I was surprised to receive a text message from you the next day. Kind, formal, and respectful, you reminded me of your name, where we’d met, and thanked me for my words of affirmation. We set up a virtual meeting for that very same day.
I learned a lot about you in the first chat—you were a Black-American male born to a 15-year-old mother, now deceased. You were the first in your family to attend college—working afforded you a way to support yourself and assist your grandmother who’d helped raise you and your younger siblings. But most of all, I noted the absence of all the nuanced things that come with social capital and proximity to generational opportunities, physicians in your village, and low responsibility. Medicine needed you.
We began meeting regularly. It was refreshing to hear your innocent questions and exciting to fan your flames as you prepared for the MCAT. I recall the day that you called me nearly in tears about your practice exams. I listened as you asked me if I thought you should do something else because your effort wasn’t improving your score. And without hesitation, I simply reminded you of who and what I saw the day we met in that parking lot. “Medicine needs you,” I said. I meant it.
Though most of our Zoom meetings were only 30 minutes, they were consistent. I grew to become deeply invested in your future. When you asked, I leaped at the chance to write a letter for your medical school application. I wrote about our serendipitous encounter on that wintry day during the omicron wave and how, over time, getting to know you personally had only affirmed my first impression. Medicine needed you.
On November 23, 2022, I received a text message from you in all caps. “JUST GOT ACCEPTED TO TWO MEDICAL SCHOOLS! I CANNOT BELIEVE THIS!” After an effusive flurry of congratulatory emojis, I felt my breath hitch when you wrote these words: “Cheers to breaking generational cycles of limitations.” No truer words could have been spoken. Cheers, indeed.
It’s funny. Entire curricula are built on ways to move out of the robotic and sterile behaviors in clinical settings and into meaningful ways that let patients know that we see them and that they matter. You taught me that the very skills needed for building trust and safety with those under our care are the same ones that allowed me to appreciate you and create a therapeutic alliance with you. And that, much like pausing to listen to our patients, it doesn’t take as much time as we think.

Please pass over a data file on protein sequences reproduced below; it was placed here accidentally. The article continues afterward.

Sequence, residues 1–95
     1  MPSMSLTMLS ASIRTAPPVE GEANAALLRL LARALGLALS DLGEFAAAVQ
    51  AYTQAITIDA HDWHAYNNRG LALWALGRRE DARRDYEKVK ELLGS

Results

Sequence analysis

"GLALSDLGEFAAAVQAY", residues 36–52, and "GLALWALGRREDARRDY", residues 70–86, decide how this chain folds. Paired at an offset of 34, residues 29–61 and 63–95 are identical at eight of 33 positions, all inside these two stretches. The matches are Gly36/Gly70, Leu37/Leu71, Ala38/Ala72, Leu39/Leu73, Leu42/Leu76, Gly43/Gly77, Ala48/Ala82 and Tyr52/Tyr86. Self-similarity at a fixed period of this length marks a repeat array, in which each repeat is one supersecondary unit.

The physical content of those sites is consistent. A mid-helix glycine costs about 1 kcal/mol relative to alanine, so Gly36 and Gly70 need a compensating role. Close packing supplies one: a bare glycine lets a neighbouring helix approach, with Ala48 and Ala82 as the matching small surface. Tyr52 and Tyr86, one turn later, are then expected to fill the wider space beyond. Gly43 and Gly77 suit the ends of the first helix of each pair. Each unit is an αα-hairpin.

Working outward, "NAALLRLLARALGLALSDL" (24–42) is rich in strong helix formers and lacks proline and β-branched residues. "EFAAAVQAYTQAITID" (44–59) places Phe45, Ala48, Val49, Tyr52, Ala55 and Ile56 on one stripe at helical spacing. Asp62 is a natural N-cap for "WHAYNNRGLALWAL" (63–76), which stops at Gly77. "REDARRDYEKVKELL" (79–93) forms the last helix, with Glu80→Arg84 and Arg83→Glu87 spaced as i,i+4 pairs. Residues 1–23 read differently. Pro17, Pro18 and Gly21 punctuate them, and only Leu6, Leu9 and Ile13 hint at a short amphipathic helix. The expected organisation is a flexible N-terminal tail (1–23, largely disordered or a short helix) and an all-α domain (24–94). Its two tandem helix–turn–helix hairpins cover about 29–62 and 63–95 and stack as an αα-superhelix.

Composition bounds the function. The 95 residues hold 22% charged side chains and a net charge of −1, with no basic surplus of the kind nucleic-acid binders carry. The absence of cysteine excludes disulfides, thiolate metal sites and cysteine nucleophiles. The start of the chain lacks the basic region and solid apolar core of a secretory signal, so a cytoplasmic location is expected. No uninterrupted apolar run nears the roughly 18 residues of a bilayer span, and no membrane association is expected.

Just moments ago, you sent me a text message sharing that your first day of M1 orientation is tomorrow. I felt my eyes prickling with tears as I thought back to that first interaction and all the ones in between. Not because of what I did for you, but instead because I knew that you—a person who clearly had everything medicine needed long before I met you—would now be able to do just that as a future physician. I’m just one of the fortunate ones enough who will get to bear witness as you do.
I have attended many underrepresented in medicine (URIM) recruitment strategy meetings since that fateful day we met. While I don’t think we should do away with thoughtful programming that pushes us toward a less homogenous physician workforce, this experience with you makes me wonder about the missed opportunities we’ve had to connect with people in everyday settings. I imagine how many doors we could open if we just looked up from our phones long enough to see the potential of those on the pathway to medicine—sometimes before they even know it themselves.
Your victory came at a perfect time. You showed me, a determined but sometimes overwhelmed clinician educator and diversity champion, that there are things that I can do. Regardless of policies, programs, and prohibitions—the human connection cannot be limited and that we all have agency to make support a verb any time we choose.
Yes, little brother. Medicine needs you. But now I know that I needed you, too.